We all love the MLB Wild Card Game. It offers intrigue and anticipation and gives the fan an extra playoff game/round. Last year, baseball saw two polar opposite Wild Card races in the American and National Leagues. On one hand, there were six or seven teams hovering around .500 for the second AL Wild Card seeding for a good chunk of the regular season, while it was mostly a two- or three-team race for the two spots in the National League. Well, this season, the NL will be a completely different story. In fact, the race for the NL Wild Card game will be as fierce as ever and chaotically competitive in 2018.
Working under the assumption that the Washington Nationals (who have won the NL East in back-to-back seasons), Chicago Cubs (who have signed Yu Darvish and Tyler Chatwood to potentially replace Jake Arrieta), and Los Angeles Dodgers (who were one game away from winning the World Series last season) will win their respective divisions, there will be a plethora of teams fighting for the two Wild Card spots.
Last season, the Arizona Diamondbacks (93-69) and Colorado Rockies (87-75) faced off in the NL Wild Card game and the D-Backs came out on top, 11-8. Both teams are sure to be back in the Wild Card mix next season.
The D-Backs, for the moment, possess a deep rotation which consists of Zack Greinke, Robbie Ray, Zack Godley, Taijuan Walker, and Patrick Corbin. That staff pitched to the third best ERA in baseball last season (3.66). With the game’s best first baseman, Paul Goldschmidt, as well as Jake Lamb, David Peralta, Brandon Drury, and A.J. Pollock in place, manager Torey Lovullo also has a respectable lineup.
On the other hand, the Rockies have established a reliable bullpen. Adding All-Star reliever Wade Davis and fellow righty Bryan Shaw, while retaining lefty Jake McGee, they’ve put in place a potent backbend. And while they don’t have a great starting staff, the Rockies have the bats to make up for their rotation’s production or lack thereof. With Nolan Arenado, Charlie Blackmon, Mark Reynolds, DJ LeMahieu, and Trevor Story in their order, to name a few, they have one of the game’s most dangerous lineups.
In addition to the D-Backs and Rockies, another NL West team, the San Francisco Giants, is also ready to hit the ground running in 2018. With prized lefty Madison Bumgarner coming back healthy and general manager Bobby Evans acquiring third baseman Evan Longoria and outfielder Andrew McCutchen, the Giants are a viable candidate to make it back to the postseason after winning just 64 games in 2017.
Then there’s the NL Central. With the Milwaukee Brewers adding outfielders Christian Yelich and Lorenzo Cain, they’ve bolstered their lineup, adding onto what was already a deep offensive unit (Domingo Santana, Travis Shaw, Eric Thames, Orlando Arcia, etc.). And with an underrated rotation in place that consists of Zach Davies, Chase Anderson, and Jimmy Nelson, the Brewers can help take the pressure off their offense.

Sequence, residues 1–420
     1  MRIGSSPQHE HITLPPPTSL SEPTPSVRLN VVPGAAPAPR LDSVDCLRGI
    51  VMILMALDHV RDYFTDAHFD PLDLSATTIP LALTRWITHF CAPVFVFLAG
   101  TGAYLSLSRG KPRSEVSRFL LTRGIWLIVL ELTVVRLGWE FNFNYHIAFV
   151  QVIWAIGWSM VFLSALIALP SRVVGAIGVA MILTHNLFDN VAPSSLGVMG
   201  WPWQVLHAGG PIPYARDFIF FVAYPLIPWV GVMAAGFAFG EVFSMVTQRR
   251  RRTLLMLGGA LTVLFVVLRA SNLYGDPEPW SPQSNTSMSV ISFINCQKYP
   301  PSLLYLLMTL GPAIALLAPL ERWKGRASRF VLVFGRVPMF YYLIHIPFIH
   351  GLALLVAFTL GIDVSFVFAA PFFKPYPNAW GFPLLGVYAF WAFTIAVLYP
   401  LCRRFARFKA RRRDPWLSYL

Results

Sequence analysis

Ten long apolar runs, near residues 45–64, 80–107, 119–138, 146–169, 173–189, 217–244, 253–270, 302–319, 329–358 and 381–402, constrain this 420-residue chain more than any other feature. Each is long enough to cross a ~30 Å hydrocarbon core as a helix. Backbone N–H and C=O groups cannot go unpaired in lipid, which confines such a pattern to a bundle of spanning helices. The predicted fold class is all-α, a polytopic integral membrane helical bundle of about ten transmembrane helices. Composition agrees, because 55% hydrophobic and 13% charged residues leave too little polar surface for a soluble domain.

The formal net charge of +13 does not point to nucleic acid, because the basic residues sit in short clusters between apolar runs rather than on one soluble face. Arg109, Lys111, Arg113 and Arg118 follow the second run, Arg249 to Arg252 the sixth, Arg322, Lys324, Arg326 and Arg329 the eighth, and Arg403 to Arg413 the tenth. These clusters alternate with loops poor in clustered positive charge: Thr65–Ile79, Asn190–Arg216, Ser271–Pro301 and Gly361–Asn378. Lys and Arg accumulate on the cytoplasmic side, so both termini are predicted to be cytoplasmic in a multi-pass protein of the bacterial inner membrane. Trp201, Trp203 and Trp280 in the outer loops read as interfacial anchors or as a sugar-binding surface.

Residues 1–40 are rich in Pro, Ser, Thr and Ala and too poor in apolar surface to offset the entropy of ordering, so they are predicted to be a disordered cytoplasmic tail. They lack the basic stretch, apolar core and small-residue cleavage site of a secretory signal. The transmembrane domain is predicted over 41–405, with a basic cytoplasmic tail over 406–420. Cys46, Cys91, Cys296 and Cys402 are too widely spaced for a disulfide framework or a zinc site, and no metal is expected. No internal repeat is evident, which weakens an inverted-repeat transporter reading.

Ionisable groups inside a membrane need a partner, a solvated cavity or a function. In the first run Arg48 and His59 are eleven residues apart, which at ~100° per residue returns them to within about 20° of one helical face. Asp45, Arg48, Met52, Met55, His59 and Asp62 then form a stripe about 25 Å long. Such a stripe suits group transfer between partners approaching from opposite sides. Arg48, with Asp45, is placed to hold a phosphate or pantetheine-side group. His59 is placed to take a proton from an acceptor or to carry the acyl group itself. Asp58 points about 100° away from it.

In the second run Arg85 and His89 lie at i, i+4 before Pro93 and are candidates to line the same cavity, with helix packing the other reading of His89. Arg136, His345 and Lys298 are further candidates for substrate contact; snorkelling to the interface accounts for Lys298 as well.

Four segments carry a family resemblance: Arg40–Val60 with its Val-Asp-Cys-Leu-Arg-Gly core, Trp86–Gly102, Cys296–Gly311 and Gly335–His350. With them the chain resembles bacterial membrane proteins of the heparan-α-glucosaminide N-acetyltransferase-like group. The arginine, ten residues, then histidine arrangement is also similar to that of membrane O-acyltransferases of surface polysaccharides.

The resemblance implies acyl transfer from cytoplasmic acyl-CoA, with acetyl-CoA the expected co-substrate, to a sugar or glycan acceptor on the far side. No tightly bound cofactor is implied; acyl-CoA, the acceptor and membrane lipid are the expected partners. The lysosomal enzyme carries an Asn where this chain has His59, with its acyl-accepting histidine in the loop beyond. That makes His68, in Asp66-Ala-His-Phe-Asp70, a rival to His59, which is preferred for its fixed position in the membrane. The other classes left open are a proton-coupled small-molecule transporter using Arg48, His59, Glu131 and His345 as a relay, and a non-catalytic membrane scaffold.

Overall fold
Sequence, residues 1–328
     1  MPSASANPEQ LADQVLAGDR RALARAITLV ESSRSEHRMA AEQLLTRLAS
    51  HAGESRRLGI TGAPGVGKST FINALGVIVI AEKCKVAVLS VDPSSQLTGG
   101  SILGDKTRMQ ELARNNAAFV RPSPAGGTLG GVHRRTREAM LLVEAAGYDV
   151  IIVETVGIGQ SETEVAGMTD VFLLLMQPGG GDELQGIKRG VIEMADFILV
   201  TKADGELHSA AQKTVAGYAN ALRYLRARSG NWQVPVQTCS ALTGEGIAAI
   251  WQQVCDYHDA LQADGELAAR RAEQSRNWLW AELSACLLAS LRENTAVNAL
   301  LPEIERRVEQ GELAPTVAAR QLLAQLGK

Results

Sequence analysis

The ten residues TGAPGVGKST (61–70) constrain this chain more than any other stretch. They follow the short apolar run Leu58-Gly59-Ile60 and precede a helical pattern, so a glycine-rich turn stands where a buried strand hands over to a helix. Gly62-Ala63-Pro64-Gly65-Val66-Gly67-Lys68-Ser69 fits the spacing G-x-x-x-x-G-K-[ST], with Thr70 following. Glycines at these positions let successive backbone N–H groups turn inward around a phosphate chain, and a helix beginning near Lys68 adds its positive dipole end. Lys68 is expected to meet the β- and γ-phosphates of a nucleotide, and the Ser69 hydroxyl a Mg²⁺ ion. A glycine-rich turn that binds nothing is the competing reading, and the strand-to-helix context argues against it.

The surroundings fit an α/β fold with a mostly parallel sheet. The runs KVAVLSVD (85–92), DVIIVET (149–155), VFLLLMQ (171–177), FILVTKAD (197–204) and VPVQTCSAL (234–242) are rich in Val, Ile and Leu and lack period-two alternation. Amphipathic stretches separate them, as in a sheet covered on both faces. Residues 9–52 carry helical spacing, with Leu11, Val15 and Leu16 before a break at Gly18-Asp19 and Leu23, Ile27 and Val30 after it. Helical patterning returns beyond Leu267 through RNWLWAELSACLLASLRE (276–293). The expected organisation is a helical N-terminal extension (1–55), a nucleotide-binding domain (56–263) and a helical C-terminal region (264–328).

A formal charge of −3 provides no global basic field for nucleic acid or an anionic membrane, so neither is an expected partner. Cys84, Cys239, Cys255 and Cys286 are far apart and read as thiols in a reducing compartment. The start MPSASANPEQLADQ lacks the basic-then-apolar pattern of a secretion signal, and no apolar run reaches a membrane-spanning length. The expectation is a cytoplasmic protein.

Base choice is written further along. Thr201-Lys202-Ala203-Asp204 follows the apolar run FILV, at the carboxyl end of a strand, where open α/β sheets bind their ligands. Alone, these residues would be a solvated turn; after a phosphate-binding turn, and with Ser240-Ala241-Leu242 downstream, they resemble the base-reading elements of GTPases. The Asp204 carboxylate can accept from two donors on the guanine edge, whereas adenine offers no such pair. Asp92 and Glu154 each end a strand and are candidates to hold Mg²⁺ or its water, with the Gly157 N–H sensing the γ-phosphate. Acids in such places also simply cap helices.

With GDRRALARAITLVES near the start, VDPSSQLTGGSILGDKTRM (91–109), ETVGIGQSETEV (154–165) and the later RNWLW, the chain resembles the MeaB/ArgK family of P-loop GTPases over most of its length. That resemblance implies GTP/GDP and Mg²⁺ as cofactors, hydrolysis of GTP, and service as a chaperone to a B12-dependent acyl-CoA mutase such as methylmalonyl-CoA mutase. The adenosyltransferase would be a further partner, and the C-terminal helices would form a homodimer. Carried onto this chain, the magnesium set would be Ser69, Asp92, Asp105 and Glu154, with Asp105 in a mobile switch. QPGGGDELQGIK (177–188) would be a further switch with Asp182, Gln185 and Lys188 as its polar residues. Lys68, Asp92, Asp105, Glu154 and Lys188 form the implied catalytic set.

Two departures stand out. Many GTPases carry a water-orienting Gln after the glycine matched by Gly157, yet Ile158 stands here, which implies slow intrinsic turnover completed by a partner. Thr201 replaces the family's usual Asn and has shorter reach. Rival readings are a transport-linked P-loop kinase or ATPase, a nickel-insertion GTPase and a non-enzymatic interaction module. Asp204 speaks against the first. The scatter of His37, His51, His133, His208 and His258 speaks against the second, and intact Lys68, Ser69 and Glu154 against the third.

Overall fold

Another competitor within the Central that can make some noise is the St. Louis Cardinals. Acquiring Miami Marlins left-fielder Marcell Ozuna, the Cardinals have slotted one of the better hitting outfielders the game has to offer into their everyday lineup. Coming off a career year in which he hit .312 with 37 home runs and 124 RBIs, Ozuna is on the rise and can provide a power surge in the middle of Mike Matheny‘s order. After winning 83 games last season, Ozuna’s addition as well as some other reinforcements can put St. Louis in the Wild Card conversation.
While the NL East hasn’t been the most competitive in years past, the New York Mets are yet another team that could be playing for something in September. With a healthy pitching staff and some shrewd free agent signings in Anthony Swarzak, Jay Bruce, Adrian Gonzalez, and Todd Frazier, the Mets are certainly a legitimate candidate to make a Wild Card push if health prevails.
The D-Backs, Rockies, Giants, Brewers, Cardinals, and Mets could all be battling for two seedings to play in a one-game playoff; that’s nuts. And yes every team will be shooting for the playoffs, but those six in particular have the potential to finish with a winning record.
If the Dodgers fall off their pedestal, even a little a bit, the Rockies or D-Backs could strike and take the NL West, which isn’t impossible. The same goes for the Central. The Brewers rotation could improve on its successful 2017 campaign and the additions of Yelich and Cain could pay dividends for their order. If the Cardinals can get more production from their offense — which Ozuna should help with — they too could pose a division threat. If such an overtaking occurs in either division, then the Dodgers and/or Cubs would be battling for a Wild Card berth, which would be incredibly hard to fathom but further shows how intense the NL will be in 2018.
It’s the same story for the Mets in the NL East. While the Mets certainly need to stay healthy and garner consistency at the plate, the Nationals have only repeated as division champs once and are yet to get past the first round of the playoffs.
There are potentially ten or eleven playoff-caliber rosters in the NL, but only five will play in a meaningful October contest and only four will be in the NLDS. If you have a non-rooting interest or are just in awe of great and competitive baseball, then the 2018 NL Wild Card race will be right up your alley.